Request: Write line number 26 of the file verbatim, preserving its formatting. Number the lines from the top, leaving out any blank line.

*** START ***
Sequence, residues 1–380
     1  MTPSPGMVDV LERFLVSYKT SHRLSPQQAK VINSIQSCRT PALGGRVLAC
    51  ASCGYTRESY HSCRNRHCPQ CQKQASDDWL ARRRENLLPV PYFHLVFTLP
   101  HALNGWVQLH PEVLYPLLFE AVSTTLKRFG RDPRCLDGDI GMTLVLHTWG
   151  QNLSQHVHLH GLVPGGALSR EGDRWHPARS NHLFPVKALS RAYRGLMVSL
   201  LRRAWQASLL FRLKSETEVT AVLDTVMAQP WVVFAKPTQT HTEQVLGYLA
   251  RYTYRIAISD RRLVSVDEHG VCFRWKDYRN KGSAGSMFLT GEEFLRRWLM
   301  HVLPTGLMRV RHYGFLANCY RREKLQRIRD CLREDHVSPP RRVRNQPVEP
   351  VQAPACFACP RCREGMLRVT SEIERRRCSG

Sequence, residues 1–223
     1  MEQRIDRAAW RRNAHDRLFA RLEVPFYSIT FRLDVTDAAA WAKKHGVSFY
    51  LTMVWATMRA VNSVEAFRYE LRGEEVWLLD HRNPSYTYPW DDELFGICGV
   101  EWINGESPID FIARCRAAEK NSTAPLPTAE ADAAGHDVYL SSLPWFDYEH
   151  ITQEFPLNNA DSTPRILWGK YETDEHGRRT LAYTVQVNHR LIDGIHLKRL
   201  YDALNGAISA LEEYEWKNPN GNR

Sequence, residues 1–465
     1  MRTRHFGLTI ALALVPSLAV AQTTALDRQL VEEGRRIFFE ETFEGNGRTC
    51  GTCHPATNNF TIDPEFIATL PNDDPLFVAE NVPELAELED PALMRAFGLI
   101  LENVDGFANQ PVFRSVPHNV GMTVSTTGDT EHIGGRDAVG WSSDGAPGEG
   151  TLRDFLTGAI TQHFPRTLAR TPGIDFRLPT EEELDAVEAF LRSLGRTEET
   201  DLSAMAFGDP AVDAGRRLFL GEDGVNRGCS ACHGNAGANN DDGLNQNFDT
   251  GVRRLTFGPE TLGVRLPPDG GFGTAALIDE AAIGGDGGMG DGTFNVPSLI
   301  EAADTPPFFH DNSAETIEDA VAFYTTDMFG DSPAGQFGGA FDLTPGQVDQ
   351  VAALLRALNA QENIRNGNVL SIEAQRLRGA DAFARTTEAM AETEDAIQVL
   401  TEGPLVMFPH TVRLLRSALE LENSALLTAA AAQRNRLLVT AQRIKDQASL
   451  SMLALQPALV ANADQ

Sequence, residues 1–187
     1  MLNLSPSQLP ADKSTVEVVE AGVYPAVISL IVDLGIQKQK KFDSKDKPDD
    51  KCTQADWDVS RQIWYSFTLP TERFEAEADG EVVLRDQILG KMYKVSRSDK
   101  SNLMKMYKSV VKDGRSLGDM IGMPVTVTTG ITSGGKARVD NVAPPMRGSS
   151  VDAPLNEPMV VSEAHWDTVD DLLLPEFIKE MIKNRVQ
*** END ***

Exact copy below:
   451  SMLALQPALV ANADQ